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Growing Arborvitae in Pots

Written By Elly Rey 1-2-2020

Arborvitae is a good choice for landscape gardening or border plant but it does fairly well in the container too! Learn how to grow it in pots by going through this post.

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Looking for an evergreen container plant for your entryway or balcony? You have come to the right place as Arborvitae is perfect for this purpose. Pyramidal structure and fan-like rich green leaves make it stand apart. Growing as a shrub or tree, it's easy to keep Arborvitae contained when you grow it in a container. Also, it's easy to relocate or transplant the plant when it's grown in containers. So without wasting any more time let's know more about how to grow Arborvitae in pots.

Planting Arborvitae in Pots

Getting your hands on arborvitae is easy. We offer a very large selection of different arborvitae in all sizes and colors. Once you have found the perfect plant for your space, be sure to get a pot large enough for the plant. You will want to put the plant level with the dirt, which should not go above the sides of the planter. 

Choosing The Right Size Garden Planter For Arborvitae

The size of the pot depends on a few factors which include the size of the root ball, variety and whether you'll be transplanting it or not. In general, the size of the pot should be 6 to 7 times the size of the root ball. If you don't want to transplant it for a long time, choose a pot with 20-gallon capacity. As the pot will hold the plant for a long time it must be sound and sturdy. Any material will do but we recommend plastic or ceramic as its durable.

Caring For Arborvitae in Pots

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Choosing The Best Location For Arborvitae in Pots

It does well in full sun to partial shade so locate the pot likewise. In hot climates protect the plant from direct afternoon sun whereas in cooler climate place it somewhere it receives 6-8 hours of direct sunlight.

Best Soil For Arborvitae in Pots

Get a good quality commercial potting mix that has soil as its base from the market. You can also make your own potting mix by mixing sterilized loam soil, coarse sand, sphagnum peat moss, and perlite or vermiculite in equal parts. Garden soil is not sterile so do not use it.

Watering Arborvitae in Pots

Water a bit before and after planting so that loose soil settles around the roots. Depending on the climate in your region water or twice a week. The trick is to keep the soil moist but not overly wet so that it turns soggy. Misting over it or placing a humidity tray nearby also helps a lot as it loved humid surroundings.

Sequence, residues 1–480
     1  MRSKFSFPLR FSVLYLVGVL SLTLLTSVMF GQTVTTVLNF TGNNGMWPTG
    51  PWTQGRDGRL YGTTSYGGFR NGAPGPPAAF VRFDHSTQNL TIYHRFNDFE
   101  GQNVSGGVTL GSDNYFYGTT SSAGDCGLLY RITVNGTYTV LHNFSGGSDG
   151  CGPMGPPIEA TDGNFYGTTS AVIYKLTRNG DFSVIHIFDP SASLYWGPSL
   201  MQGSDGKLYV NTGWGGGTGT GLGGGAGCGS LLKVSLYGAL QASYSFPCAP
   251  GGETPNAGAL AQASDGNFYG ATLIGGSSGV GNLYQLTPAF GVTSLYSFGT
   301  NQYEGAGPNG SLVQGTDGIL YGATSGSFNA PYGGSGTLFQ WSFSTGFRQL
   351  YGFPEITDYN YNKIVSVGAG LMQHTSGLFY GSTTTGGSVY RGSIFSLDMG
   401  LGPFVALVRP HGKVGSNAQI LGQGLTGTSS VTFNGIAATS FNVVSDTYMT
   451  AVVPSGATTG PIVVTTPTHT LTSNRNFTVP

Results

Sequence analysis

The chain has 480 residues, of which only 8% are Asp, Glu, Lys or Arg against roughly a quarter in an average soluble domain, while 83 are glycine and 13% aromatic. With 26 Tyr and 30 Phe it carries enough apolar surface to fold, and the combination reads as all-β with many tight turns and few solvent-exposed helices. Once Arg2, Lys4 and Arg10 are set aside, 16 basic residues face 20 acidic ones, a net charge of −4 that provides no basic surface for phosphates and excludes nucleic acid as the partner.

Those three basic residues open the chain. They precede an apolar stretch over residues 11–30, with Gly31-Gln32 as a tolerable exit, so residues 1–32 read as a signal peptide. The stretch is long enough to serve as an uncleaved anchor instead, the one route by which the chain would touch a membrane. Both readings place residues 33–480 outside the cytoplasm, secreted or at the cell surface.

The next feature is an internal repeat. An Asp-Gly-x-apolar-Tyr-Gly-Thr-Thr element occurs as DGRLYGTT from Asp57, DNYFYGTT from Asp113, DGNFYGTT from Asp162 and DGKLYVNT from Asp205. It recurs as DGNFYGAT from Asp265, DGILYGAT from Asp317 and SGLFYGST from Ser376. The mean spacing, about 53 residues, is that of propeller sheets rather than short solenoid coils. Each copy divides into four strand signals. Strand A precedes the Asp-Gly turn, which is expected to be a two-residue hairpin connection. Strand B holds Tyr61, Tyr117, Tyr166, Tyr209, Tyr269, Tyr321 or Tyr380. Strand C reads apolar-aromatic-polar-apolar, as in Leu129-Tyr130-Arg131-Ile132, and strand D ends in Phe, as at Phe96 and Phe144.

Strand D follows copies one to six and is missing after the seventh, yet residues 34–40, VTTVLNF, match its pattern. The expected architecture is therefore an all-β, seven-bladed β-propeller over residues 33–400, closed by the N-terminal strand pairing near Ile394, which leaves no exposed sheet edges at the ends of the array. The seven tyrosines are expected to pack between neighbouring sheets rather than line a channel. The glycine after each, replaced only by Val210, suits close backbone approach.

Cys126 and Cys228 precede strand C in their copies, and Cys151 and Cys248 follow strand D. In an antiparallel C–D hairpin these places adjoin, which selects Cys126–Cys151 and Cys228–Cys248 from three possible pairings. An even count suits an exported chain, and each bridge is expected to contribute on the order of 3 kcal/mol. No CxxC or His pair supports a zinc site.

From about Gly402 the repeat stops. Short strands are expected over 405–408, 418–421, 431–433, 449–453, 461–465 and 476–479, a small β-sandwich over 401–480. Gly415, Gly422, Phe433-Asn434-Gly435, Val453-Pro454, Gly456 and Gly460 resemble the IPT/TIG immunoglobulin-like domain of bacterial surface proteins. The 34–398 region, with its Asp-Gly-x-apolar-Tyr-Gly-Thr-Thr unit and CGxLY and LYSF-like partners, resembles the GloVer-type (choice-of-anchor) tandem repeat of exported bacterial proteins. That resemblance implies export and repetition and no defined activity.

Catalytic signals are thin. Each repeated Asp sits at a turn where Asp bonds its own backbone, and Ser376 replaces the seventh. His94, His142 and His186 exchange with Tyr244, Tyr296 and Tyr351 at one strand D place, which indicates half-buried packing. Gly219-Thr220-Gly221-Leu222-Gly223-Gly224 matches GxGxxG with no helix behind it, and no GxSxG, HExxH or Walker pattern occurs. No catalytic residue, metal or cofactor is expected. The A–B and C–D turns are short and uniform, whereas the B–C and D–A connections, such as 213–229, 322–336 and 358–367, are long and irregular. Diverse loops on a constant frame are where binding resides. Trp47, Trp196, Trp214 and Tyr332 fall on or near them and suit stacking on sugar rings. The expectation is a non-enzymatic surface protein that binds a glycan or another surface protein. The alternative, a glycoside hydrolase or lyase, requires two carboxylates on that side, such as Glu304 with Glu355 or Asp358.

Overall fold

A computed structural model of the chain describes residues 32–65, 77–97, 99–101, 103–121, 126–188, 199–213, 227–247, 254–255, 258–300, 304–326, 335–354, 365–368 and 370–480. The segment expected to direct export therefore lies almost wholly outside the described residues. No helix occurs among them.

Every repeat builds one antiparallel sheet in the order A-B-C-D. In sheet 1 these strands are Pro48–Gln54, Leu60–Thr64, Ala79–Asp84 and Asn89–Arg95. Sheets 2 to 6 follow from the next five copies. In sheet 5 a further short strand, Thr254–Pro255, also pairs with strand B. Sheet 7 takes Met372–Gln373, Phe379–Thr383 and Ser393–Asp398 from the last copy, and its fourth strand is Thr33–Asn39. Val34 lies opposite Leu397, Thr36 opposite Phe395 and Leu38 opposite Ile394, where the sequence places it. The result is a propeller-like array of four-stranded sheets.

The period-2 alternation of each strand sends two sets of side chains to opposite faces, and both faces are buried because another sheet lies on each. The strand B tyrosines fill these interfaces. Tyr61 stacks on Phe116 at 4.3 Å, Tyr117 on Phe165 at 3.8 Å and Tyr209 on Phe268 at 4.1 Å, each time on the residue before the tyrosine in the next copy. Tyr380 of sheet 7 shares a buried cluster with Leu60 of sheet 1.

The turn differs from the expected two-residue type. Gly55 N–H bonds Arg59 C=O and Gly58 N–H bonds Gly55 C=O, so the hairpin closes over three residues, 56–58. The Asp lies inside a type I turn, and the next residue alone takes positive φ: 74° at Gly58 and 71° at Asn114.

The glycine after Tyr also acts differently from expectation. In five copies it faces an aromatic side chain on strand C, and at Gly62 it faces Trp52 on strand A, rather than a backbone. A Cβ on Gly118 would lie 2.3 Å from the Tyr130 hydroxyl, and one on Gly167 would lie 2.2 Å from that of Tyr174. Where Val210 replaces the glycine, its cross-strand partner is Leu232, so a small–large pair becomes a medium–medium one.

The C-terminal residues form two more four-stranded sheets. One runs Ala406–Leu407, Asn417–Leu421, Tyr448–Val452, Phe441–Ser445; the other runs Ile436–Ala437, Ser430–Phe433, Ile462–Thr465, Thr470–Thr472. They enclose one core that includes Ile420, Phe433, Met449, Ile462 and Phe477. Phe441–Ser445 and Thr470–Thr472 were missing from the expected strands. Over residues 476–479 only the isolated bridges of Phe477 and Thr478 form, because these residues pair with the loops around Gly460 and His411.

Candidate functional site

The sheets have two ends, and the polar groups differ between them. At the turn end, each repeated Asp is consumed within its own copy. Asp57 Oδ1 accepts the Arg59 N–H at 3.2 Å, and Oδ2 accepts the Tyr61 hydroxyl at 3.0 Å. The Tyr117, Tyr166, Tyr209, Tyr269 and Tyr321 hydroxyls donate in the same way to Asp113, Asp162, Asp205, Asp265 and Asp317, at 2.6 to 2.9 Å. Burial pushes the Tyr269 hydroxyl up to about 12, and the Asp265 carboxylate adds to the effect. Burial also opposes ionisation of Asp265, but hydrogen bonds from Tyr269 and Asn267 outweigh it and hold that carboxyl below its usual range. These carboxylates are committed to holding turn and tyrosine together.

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Repotting Arborvitae

Once the arborvitae becomes root-bound it's time to re-pot it into a new and large container. It'll take around 2-3 years for it to outgrow the old pot. If not sure about the container size choose one that's two-thirds of the height of the plant in size.

Mulching Arborvitae in Pots

Add a two inches thick layer of mulch around the base of the plant. Mulching prevents the drying of soil quickly and helps trap moisture in the soil. In hot regions where soil dries too frequently mulching becomes of utmost importance.

Pruning Arborvitae in Pots

To keep the shrub in desired shape and size it's important to prune it. Also, decay caused by fungi can spread quickly pruning away those parts helps overcome it. Pruning also rejuvenates the old plant, improves the structure and increases life-span.

Fertilizing Arborvitae in Pots

Go for a slow-release fertilizer that's medium to low in nitrogen. Quick-release fertilizer with high nitrogen can cause excess growth on the top. You can also go for an organic approach and add a well- manured compost or fish emulsion to the soil. Air circulation is also better with a less dense shrub with increased exposure to the sun.

Pests and Diseases

Bagworm, spider mites, and aphids are some of the common garden pests that can cause harm to Arborvitae. If left unchecked, they can even kill the plant. Spraying neem oil solution over the plant will get rid of these common pests. Tip blight is another fungal disease that might cause severe damage to the plant. Cut back the affected parts and if the problem persists consult a professional.

 

Elly Rey is a writer for BalconyGardenWeb. Their website serves millions of visitors with fresh and informative content about gardening every month.